import System.IO import Control.Monad main :: IO () main = do hSetBuffering stdout NoBuffering -- DO NOT REMOVE input_line <- getLine let input = words input_line let lightX = read (input!!0) :: Int -- the X position of the light of power let lightY = read (input!!1) :: Int -- the Y position of the light of power let initialTX = read (input!!2) :: Int -- Thor's starting X position let initialTY = read (input!!3) :: Int -- Thor's starting Y position -- my code starts here let startToTargetX = lightX - initialTX let targetToStartX = initialTX - lightX let startToTargetY = lightY - initialTY let targetToStartY = initialTY - lightY let count = max (max startToTargetY targetToStartY) (max startToTargetX targetToStartX) let vertical = replicate startToTargetY "S" ++ replicate targetToStartY "N" ++ repeat "" let horizontal = replicate startToTargetX "E" ++ replicate targetToStartX "W" ++ repeat "" let pairs = zip vertical horizontal let directions = map (uncurry (++)) (take count pairs) loop directions loop :: [String] -> IO () loop [final] = putStrLn final loop (current:rest) = do putStrLn current loop rest loop  = return ()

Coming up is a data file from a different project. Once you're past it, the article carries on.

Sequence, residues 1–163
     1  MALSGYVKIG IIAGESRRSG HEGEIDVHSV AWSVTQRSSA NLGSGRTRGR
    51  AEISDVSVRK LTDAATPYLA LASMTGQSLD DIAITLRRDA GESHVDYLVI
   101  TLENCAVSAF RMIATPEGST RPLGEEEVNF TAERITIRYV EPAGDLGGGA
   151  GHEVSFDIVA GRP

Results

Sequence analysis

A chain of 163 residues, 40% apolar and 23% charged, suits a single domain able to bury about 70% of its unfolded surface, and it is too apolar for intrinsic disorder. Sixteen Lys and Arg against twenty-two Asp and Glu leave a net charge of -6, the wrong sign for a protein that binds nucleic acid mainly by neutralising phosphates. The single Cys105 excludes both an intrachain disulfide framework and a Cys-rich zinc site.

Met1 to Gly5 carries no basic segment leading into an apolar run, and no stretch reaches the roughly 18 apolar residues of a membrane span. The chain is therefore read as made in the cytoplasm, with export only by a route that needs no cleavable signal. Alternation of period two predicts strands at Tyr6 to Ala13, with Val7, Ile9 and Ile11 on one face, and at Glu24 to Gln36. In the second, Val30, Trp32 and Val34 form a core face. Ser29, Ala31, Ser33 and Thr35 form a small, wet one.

Each move is potentially some combination of vertical and horizontal movement and I did not know which direction would contain more moves, so I used Haskell’s lazyness to not have to care. I calculated the total number of moves to get to the target, which is simply the maximum of the horizontal and vertical distances. Then I built up a list of instructions for both directions and appended infinite empty strings to the end. I passed both the horizontal and vertical instruction lists into a zip function that paired them into an infinite list of tuples, and then I took from that list of tuples a number of elements equal to the count I had calculated earlier. Finally for each pair I took the two elements and combined them to build the final string using map. Uncurry for reference, takes a function that normally takes 2 params, and converts it to a function that takes a pair (tuple), that way I can use the standard ++ function with the tuple that got built up by zip.
The main loop function then was just responsible for printing out each value. The first case is matched when there is only one element in the list, which simply outputs that element. The second case is matched when there is at least 2 elements in the list. The final case of
loop  = return ()